In this small-scale study young students’ digital writing as it unfolds in real time via screen recordings is discussed. The students attend the first and third year of schooling in Sweden and are recorded during lessons. The aim is to describe students’ digital writing as they use computers to create texts, with a specific focus on the changes the students make. The type of change, its cause, whether the change results in correct or incorrect language use, and the semantic and syntactic consequences of the changes are analysed. The results show that changes are made locally, and that the students focus on dealing with software underlining that indicates problems with spelling or grammar. Revisions on deeper meaning-making levels, such as additions, insertions or reorganisations, are generally not performed even though such operations are easily accomplished with digital tools. Seven different strategies when dealing with underlining are identified, and how the students’ linguistic knowledge about spelling, rules for writing and digital literacy skills are used in explorative ways to avoid underlining is described. The students’ responsiveness toward following a correctness norm affects the semantic depth of the texts as misspelled words get erased or exchanged for more non-specific words. Syntactic structure is also affected resulting in non-conventional punctuation due to misunderstandings concerning the reason for software underlining. The outcomes show a close relationship between operational literacy and meaning-making as the content of the students’ texts often changes when underlining shows up on the screen. Identity formation is also at stake when a misunderstanding positions student as unaware of punctuation when the problem concerns the software’s rule of spacing after full stops. Different aspects of operational literacy and their significance for a social conception of literacy is suggested to inform teachers’ planning of text creation using digital tools in the classroom.
The importance of using information and communication technology (ICT) is being increasingly highlighted in education and curriculum frameworks in European countries. However, little attention has been given to using ICT in relation to the school subject of Home Economics (HE). Thus, the aim of this study is to explore Finnish subject-teachers’ use of ICT in HE, specifically focusing on frequency, purpose of use, and teachers’ beliefs. The data was collected through an online questionnaire, and the sample comprises 161 subject-teachers in HE in grades 7–9. The results revealed three dimensions of ICT use among HE teachers. Further, the K-means cluster analysis identified three distinct ICT-user profiles among subject-teachers in HE: infrequent ICT users (n = 60), specific ICT users (n = 43), and frequent ICT users (n = 58). Infrequent ICT users are characterized by low ICT use and neutral beliefs regarding the use of ICT in HE. Specific ICT users mainly focus on using ICT for administration and lesson planning and hold negative beliefs regarding the use of ICT. Frequent ICT users are the most common and positive ICT users and are also most confident about using ICT in HE. This study aims to provide a better understanding of subject-teachers’ use of ICT in HE in lower secondary education in Finland. The results suggest a relationship between teachers’ beliefs and purpose of use in terms of facilitating pupils’ learning. When identifying the three ICT user profiles, it became even more evident that the use of ICT for learning purposes was rather infrequent among HE teachers. In order to enhance teaching in HE, subject-teachers should be supported to use ICT for instructional purposes in a manner that will benefit pupils’ learning.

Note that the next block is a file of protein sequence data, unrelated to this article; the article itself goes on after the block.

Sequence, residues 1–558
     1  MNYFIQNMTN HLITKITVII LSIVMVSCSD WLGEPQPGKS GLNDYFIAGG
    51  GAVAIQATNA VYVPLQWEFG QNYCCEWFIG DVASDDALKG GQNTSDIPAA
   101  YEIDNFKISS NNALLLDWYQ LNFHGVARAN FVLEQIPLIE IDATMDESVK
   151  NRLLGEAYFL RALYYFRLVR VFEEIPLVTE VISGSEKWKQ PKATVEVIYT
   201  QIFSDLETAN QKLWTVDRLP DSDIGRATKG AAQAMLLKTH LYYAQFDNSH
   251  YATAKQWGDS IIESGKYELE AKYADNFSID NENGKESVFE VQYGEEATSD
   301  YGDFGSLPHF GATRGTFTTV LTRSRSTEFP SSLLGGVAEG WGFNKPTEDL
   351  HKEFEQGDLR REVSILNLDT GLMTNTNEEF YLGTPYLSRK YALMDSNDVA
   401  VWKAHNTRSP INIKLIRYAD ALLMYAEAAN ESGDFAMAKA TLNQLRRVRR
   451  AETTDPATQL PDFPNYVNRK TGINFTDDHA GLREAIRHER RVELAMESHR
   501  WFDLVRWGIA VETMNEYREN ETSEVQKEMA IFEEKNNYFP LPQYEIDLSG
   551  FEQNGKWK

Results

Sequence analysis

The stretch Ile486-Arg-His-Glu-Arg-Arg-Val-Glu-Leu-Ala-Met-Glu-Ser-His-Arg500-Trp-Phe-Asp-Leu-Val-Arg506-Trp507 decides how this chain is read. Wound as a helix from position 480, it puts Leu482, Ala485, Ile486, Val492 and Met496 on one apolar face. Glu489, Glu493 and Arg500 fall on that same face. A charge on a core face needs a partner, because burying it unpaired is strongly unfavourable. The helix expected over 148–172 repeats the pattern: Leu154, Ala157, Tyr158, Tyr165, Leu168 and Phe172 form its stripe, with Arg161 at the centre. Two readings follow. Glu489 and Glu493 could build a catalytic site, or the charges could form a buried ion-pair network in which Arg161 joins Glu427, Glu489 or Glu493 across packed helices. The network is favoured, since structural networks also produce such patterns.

3-2020, Volume 15
Nordic Journal of Digital Literacy (NJDL) is aimed at researchers, school authorities, school leaders in primary and secondary schools, teachers in primary and secondary education, at colleges and universities, and others concerned with education and ICT.
The journal contains peer-reviewed articles and book reviews. Through dissemination of national and international research, the journal contributes to the debate on education policy. The journal aims at creating a platform for the critical analysis of digital literacy and competence, and the use of ICT in educational context. Moreover, the aim is to stimulate dialogue between different participants in the field. Upon reception, the editor evaluates all submissions. After editor screening, approved contributions are sent to at least two anonymous international reviewers.
Nordic Journal of Digital Literacy has a focus on articles that deal thematically with digital literacy and the use of ICT in educational settings. Papers can among others be targeted on the following themes:
ICT use and innovation in education
Theoretical, methodological and practical challenges around the use of ICT in education
ICT in subjects (didactic context)
Evaluation and development
Learners’ work and learners’ ICT skills
Teachers, teacher education and classroom management
Greta Björk Gudmundsdottir
Kjetil L. Høydal
Cathrine E. Tømte
Fredrik Mørk Røkenes
Ove Edvard Hatlevik
Lise Øen Jones
Birgitte Holm Sørensen
Design: Type It AS
Typeset: Bøk Oslo AS
ISSN online: 1891-943X
The journal is published in collaboration with University of Bergen
© Scandinavian University Press / Universitetsforlaget 2020